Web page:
China to get "market economy status"?
China as a member of the World Trade Organisation (WTO) seeks to obtain a new status as a “market economy” in 2016. This “market economy status” (MES) would have a substantial impact on EU’s economic relationship with China. BUSINESSEUROPE today published its position paper on the subject.
Talking about what is at stake Markus J. Beyrer, Director General of BUSINESSEUROPE said: “There are deep concerns within major parts of the European business community about what the expiry of Section 15 subparagraph (a)(ii) of China’s Accession Protocol to the WTO could mean for the EU anti-dumping procedures and industrial competitiveness. The EU should therefore maintain effective trade defence instruments that take the real market situation in China into account”.
European business believes there is no requirement to automatically grant MES as a direct consequence of the expiry of Section 15 subparagraph (a)(ii) because the remainder of the subparagraph, parts (a) and (a)(i), remains in place."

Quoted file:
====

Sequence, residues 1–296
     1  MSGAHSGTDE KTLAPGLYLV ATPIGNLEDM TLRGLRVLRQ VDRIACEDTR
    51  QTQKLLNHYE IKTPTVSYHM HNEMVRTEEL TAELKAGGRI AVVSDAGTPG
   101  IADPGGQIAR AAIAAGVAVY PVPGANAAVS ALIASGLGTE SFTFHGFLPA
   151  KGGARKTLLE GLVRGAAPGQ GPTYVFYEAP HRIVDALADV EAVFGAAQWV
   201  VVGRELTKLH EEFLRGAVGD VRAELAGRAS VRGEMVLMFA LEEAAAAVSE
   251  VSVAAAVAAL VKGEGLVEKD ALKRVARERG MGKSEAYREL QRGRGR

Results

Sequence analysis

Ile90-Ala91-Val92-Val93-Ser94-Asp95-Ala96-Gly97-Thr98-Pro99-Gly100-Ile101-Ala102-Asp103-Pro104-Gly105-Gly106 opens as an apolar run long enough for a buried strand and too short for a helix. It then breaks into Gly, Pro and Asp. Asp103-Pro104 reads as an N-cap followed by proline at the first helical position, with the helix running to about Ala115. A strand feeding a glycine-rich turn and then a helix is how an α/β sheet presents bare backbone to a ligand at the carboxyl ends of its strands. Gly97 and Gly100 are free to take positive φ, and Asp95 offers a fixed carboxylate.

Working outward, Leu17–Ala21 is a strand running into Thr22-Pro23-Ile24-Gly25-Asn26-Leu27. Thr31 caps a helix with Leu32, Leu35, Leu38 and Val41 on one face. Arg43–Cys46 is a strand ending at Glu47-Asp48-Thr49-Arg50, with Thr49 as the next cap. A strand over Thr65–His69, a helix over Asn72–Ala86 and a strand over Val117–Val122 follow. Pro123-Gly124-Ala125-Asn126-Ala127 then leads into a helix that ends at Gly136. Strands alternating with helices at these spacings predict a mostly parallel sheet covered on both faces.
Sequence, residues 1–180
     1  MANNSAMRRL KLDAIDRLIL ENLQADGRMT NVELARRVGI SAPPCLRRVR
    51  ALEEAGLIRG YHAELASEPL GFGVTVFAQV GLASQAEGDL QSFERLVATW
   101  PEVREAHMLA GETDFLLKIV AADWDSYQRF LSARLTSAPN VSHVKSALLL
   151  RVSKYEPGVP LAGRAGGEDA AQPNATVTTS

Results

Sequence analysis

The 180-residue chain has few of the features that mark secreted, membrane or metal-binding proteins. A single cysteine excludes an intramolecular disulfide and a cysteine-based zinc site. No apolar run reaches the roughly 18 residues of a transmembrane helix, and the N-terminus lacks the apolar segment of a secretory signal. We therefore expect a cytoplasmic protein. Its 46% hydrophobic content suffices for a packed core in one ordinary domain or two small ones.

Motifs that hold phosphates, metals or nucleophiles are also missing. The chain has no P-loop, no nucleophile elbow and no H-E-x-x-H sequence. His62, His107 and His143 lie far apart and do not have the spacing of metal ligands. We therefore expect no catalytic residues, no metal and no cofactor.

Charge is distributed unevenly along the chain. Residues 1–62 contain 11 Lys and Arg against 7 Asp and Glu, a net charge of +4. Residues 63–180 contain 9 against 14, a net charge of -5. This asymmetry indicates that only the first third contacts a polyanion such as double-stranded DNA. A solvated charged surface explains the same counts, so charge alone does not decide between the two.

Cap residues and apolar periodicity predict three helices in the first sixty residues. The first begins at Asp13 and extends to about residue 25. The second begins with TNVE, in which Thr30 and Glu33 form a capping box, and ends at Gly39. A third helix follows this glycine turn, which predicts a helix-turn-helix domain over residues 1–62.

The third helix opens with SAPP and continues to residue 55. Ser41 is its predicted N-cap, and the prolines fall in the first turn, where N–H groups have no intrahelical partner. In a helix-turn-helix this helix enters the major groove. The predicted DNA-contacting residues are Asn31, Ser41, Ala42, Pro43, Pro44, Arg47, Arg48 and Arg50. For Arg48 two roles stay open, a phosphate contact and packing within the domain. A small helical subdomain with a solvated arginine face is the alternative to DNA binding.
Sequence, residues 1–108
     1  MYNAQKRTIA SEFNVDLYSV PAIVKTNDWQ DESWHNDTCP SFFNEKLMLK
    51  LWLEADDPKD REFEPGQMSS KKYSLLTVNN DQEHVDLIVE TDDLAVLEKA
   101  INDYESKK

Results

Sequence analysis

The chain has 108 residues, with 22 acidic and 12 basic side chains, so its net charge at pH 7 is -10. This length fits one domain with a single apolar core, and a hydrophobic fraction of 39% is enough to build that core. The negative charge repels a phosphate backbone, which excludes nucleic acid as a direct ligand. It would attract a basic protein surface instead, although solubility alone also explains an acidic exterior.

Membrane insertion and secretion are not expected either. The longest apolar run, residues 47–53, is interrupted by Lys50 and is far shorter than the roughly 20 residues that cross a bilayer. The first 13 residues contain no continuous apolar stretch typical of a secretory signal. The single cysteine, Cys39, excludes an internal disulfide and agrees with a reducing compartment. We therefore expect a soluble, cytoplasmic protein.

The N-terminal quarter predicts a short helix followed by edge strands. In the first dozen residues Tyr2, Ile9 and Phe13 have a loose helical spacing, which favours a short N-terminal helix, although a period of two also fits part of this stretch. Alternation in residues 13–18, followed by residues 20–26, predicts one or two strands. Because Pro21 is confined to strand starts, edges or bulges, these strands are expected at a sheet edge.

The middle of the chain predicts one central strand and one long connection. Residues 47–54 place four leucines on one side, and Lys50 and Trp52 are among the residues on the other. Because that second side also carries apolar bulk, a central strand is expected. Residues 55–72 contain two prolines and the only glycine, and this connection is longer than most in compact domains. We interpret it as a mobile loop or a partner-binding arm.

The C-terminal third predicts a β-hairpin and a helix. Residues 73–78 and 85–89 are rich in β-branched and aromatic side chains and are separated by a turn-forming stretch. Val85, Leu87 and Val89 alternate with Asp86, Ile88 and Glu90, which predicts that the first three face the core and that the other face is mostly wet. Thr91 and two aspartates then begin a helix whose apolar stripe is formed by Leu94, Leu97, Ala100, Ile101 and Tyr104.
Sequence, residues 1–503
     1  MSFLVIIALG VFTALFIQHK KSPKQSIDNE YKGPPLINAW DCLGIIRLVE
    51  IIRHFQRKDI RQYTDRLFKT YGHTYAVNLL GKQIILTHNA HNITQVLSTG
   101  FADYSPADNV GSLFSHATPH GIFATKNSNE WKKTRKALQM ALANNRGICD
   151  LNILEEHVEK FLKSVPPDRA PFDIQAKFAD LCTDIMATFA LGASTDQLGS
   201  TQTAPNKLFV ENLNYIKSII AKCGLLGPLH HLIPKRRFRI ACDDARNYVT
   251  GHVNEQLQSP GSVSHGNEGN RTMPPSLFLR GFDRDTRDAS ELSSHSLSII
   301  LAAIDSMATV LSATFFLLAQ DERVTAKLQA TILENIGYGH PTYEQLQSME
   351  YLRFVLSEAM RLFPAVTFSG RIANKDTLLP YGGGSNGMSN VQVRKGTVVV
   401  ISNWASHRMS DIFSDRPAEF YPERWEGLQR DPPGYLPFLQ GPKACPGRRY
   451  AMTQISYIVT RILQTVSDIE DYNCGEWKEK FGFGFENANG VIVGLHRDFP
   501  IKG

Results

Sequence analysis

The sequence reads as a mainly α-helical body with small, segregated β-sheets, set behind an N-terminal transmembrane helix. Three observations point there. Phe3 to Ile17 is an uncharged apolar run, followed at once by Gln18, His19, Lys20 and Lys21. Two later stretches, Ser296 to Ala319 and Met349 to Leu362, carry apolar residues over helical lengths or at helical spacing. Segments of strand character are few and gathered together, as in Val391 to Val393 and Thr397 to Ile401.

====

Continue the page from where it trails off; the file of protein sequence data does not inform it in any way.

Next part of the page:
"Therefore the question of market economy status (MES) should be treated in accordance with WTO and EU rules and be based on its own merits”.
BUSINESSEUROPE also stresses the need for the EU to coordinate with and take account of the positions of other major WTO members such as the United States. This is important to avoid trade diversion of Chinese exports towards Europe as a consequence of differing views among key trading partners.
“It is in the interest of European business that the EU strives for a sound and balanced economic relationship with China. To achieve this, it is important that the EU proactively engages China through all available channels”.
China is a major trading partner of the EU and our bilateral relationship is very important both in terms of trade as well as investment.
The definition of a balanced common position by all BUSINESSEUROPE’s member federations is a significant contribution to the European debate on this complex issue. Therefore BUSINESSEUROPE trusts that industry’s views will be fully taken into consideration throughout the EU decision-making process during this and next year.